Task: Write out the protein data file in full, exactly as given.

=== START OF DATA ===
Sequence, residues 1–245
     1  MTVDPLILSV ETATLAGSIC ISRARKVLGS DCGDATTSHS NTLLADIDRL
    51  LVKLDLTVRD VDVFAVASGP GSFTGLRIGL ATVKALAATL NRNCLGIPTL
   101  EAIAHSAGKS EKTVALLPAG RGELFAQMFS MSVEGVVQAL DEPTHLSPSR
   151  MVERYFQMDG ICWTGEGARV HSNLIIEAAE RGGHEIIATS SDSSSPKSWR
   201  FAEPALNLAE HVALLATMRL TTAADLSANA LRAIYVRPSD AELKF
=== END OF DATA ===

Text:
Sequence, residues 1–245
     1  MTVDPLILSV ETATLAGSIC ISRARKVLGS DCGDATTSHS NTLLADIDRL
    51  LVKLDLTVRD VDVFAVASGP GSFTGLRIGL ATVKALAATL NRNCLGIPTL
   101  EAIAHSAGKS EKTVALLPAG RGELFAQMFS MSVEGVVQAL DEPTHLSPSR
   151  MVERYFQMDG ICWTGEGARV HSNLIIEAAE RGGHEIIATS SDSSSPKSWR
   201  FAEPALNLAE HVALLATMRL TTAADLSANA LRAIYVRPSD AELKF